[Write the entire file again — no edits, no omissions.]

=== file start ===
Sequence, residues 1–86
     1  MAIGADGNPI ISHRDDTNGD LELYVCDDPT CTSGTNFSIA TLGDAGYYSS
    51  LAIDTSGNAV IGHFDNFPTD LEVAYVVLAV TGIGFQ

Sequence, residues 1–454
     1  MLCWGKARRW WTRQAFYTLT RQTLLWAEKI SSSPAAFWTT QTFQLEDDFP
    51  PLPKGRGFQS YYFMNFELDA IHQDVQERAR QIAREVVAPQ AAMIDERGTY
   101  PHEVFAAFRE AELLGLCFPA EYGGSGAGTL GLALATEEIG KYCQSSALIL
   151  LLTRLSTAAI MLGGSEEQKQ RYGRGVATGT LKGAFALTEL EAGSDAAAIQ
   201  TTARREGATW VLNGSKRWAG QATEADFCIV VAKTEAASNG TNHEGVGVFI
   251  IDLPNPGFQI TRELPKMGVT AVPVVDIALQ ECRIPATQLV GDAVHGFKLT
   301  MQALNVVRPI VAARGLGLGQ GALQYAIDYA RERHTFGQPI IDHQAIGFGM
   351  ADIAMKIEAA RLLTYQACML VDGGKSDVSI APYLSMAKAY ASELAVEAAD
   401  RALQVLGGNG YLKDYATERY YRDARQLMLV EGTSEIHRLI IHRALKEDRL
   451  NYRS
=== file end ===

Sequence, residues 1–86
     1  MAIGADGNPI ISHRDDTNGD LELYVCDDPT CTSGTNFSIA TLGDAGYYSS
    51  LAIDTSGNAV IGHFDNFPTD LEVAYVVLAV TGIGFQ

Sequence, residues 1–454
     1  MLCWGKARRW WTRQAFYTLT RQTLLWAEKI SSSPAAFWTT QTFQLEDDFP
    51  PLPKGRGFQS YYFMNFELDA IHQDVQERAR QIAREVVAPQ AAMIDERGTY
   101  PHEVFAAFRE AELLGLCFPA EYGGSGAGTL GLALATEEIG KYCQSSALIL
   151  LLTRLSTAAI MLGGSEEQKQ RYGRGVATGT LKGAFALTEL EAGSDAAAIQ
   201  TTARREGATW VLNGSKRWAG QATEADFCIV VAKTEAASNG TNHEGVGVFI
   251  IDLPNPGFQI TRELPKMGVT AVPVVDIALQ ECRIPATQLV GDAVHGFKLT
   301  MQALNVVRPI VAARGLGLGQ GALQYAIDYA RERHTFGQPI IDHQAIGFGM
   351  ADIAMKIEAA RLLTYQACML VDGGKSDVSI APYLSMAKAY ASELAVEAAD
   401  RALQVLGGNG YLKDYATERY YRDARQLMLV EGTSEIHRLI IHRALKEDRL
   451  NYRS